My first thought when I was diagnosed was my mom. Why did she have to lose her husband of 40 years and now her only child has cancer? Please spare her this pain. She and Harper remain my biggest concern and motivation through this battle. I have to be here to take care of my mom as she gets older, and I have to be here because Harper needs her mom. I HAVE TO. There is no question, these people need me and they are the reason I fight. Harper has been my every reason for breathing since before she even existed and I have promised myself that I will be here for her until she is a grown woman. Thank you God for both of them. My mom has been a huge help with Harper, and Harper a huge help to my mom. And thanks be to God that Harper is too young to remember this. I look forward to the day that she and I are much older and I can tell her my story and make sure that she is diligent about breast cancer screening. I look forward to the day that we both do not have to worry, because there is a cure or a vaccine.

My husband is a true angel, my protector, and my rock. In our marriage we vowed in sickness and in health, without batting an eye at what that really means. I break down and cry to him that I'm so sorry that he has to go through this, if only he could have married a girl who was healthy, a girl without a mangled body, a soon to be bald head, a girl who will not resemble an 80 year old woman for half of the upcoming year. He tells me every single day how beautiful I am, mangled body and all. And the thing is, he really means it.  I think he's nuts, but I also think he is exactly the person I was meant to spend my life with.

My angel Mary, who always called me her angel. Five years ago Mary, my coworker, was diagnosed with breast cancer. She went through an successful surgery and had to do chemotherapy to insure that the cancer didn't return. A single mother, Mary worked as a pharmaceutical rep throughout her treatment. She is such a strong and inspirational woman.   In October of 2008 Mary and I went to a training class together. Mary was tired and out of breath and thought it must be the chemo and her asthma taking it's toll on her. I carried her bags for her and we had dinner together every night. No big deal, but it meant a lot to Mary, especially after she returned home to find out she was in heart failure from one of the cancer drugs. Praise be to God, that Mary's heart failure reversed itself once she stopped the medication. Almost five years to the day later, I was diagnosed with breast cancer, same kind and stage as Mary. Almost five years to the day later, I had a bilateral mastectomy, like Mary. And almost five years to the day later, I will start the same chemotherapy treatment that Mary did. She has been such a resource and comfort during this time that now she is my angel.

I would not have half of the strength I have without a group of breast cancer survivors to turn to for advice. Renee, Amanda, Nichole, Kristen, Rachel, Becky, Linda, Abby, the women in my survivor group, and the ladies on the Young Survival Coalition message boards, they have all helped me so much to not feel so alone in this. I am so sorry that all of these women have had to endure the caner battle but they are all such good examples of strength and survival to me.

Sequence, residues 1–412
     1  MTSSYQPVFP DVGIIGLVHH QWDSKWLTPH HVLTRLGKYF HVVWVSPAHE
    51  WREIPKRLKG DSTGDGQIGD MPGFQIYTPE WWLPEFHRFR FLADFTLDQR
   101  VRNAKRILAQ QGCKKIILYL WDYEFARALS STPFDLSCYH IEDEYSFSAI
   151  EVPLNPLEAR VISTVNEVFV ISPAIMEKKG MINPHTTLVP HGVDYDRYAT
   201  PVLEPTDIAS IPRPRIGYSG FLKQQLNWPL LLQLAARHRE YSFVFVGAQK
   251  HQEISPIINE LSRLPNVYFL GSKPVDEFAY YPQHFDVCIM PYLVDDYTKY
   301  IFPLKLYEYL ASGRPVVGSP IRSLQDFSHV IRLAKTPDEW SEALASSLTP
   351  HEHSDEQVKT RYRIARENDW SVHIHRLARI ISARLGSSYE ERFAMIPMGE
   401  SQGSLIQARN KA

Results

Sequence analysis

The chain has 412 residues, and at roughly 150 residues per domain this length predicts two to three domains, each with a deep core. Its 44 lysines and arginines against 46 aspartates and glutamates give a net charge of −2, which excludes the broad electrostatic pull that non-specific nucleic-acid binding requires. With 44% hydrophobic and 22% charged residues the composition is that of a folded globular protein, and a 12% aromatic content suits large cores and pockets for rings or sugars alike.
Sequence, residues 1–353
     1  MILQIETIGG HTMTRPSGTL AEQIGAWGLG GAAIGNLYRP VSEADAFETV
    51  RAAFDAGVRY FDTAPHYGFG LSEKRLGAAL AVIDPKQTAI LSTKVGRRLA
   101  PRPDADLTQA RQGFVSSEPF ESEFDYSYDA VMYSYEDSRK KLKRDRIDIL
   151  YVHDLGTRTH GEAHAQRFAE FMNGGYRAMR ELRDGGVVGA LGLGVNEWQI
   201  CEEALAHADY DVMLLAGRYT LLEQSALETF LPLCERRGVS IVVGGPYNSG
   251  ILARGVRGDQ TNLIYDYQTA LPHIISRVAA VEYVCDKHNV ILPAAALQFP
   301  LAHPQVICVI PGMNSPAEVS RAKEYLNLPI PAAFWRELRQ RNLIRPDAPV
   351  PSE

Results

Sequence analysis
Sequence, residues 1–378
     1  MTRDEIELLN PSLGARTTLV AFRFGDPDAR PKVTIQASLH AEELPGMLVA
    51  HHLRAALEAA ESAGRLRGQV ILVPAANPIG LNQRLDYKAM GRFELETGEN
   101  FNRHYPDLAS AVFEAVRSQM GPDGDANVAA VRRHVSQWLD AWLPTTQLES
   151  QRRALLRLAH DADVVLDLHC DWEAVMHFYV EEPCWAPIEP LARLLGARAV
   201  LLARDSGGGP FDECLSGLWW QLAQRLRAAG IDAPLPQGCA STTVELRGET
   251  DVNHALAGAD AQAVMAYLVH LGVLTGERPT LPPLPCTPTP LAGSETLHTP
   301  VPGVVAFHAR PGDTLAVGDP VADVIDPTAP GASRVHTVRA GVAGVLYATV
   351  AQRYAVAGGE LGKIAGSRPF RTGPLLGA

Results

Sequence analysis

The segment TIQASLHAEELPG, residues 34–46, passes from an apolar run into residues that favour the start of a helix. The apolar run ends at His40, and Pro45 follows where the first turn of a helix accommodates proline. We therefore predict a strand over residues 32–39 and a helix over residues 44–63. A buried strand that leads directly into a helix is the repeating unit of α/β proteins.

An angel was even put in my path at the dentist office, my least favorite place on Earth. I will seriously be surprised if the chemotherapy infusion room at the hospital trumps the dentist office as my least favorite place once this is all said and done. I hadn't gone to the dentist in a few years, shameful I know, but I knew I needed to get a good cleaning prior to starting my treatment. I filled out the medical form and waited with dread for a young dental hygienist to scold me for not keeping up to date with my cleanings and to marvel at how young I was to have breast cancer, to feel sorry for me. My hygienist was an angel. Her mother was a stage 3 breast cancer survivor and she had obviously done her research and knew a lot about the disease. We had a very good conversation about cancer, treatment, and coming out on the other side. Never once did she act shocked at how young I was. It was such a good experience and I didn't have any cavities to boot.

Tomorrow I start my chemotherapy treatment. This is far more frightening than my surgery to me. It lasts a lot longer and has side effects that can last for the rest of your life. I'm asking for prayers that my body and heart endure this toxic poison, but that any remaining cancer does not. These next few months will not be easy, but I know they will be worth it. My biggest fear is that I'm going to look like a cancer patient, that people will look at me and feel sorry for me. I'm afraid that people will assume I'm dying of cancer, rather than living and preventing my cancer from returning. So please, please, don't pity me. I can do this, and I will do this, and all I need is encouragement and strength to get through it.

I am overwhelmed and alarmed at how many young women I have been put in touch with that have been diagnosed with cancer recently. A friend of mine knows 4 women, 35 and under, who have been diagnosed with breast cancer in the last few months. She went to her doctor to demand a mammogram and the young female doctor raised her hand and said that she too, was a breast cancer survivor. She said "the reason you know so many young women just diagnosed with breast cancer is not a coincidence, it is something that is very much happening." Please ladies, be sure to check yourself, thoroughly, on a monthly basis. I wish that I had.

My angel: